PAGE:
That last sentence burns just a little bit, doesn’t it?
Out behind the Museum of Contemporary Art Detroit right now is the Brood exhibit, which takes its name from the 2005 short story collection Octavia’s Brood, edited by adrienne maree brown and Walidah Imarisha. Here is the exhibit description:
The exhibit Brood suggests a tradition of working at the intersection of art, science, and community organizing that is characteristically unique to Detroit. Brood casts the artist as visionary of a more just and sustainable society. The exhibiting artists find inspiration from Science Fiction but show us a world within reach and forge pathways to those realities. They build, deconstruct, reframe, warn, and prepare. They prioritize sensory experiences to tell stories about our past, present, and future. Recognizing technology’s inevitable place in our society, they seek to harness its power for humanism over surveillance, for collectivism, and empathy over individual gain.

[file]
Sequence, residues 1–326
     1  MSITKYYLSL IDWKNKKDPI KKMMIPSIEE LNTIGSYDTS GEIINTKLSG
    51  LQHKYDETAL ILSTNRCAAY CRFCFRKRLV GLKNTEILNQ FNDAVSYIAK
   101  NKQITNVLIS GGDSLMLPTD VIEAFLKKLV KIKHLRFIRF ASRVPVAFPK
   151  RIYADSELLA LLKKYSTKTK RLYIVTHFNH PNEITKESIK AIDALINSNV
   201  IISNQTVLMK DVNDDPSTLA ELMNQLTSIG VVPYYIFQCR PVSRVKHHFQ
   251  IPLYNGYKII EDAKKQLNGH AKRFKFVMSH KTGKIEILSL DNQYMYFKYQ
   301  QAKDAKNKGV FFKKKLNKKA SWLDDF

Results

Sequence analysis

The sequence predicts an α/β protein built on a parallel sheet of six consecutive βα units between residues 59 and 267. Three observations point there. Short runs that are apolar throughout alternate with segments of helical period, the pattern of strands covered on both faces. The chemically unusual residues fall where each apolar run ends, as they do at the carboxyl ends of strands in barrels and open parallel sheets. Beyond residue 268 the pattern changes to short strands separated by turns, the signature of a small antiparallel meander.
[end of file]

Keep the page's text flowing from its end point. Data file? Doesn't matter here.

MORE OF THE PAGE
The first thing you see in the outside portion of the exhibit is this piece by Bryce Detroit.
This is a companion piece to the HOOD CLOSED TO GENTRIFIERS sign that went viral a while back, with not too many people giving credit to Bryce.
The Brood exhibit also has a series of quilts by Mother Cyborg called Sense of Security. If you look close, you can see the quilts integrate binary code and, in doing so, offer a kind of commentary on data and digital surveillance.
Boxed Behavior (2021)
Platforms Keep Us Segregated (2020)
The Thing Inside of the Thing (2020)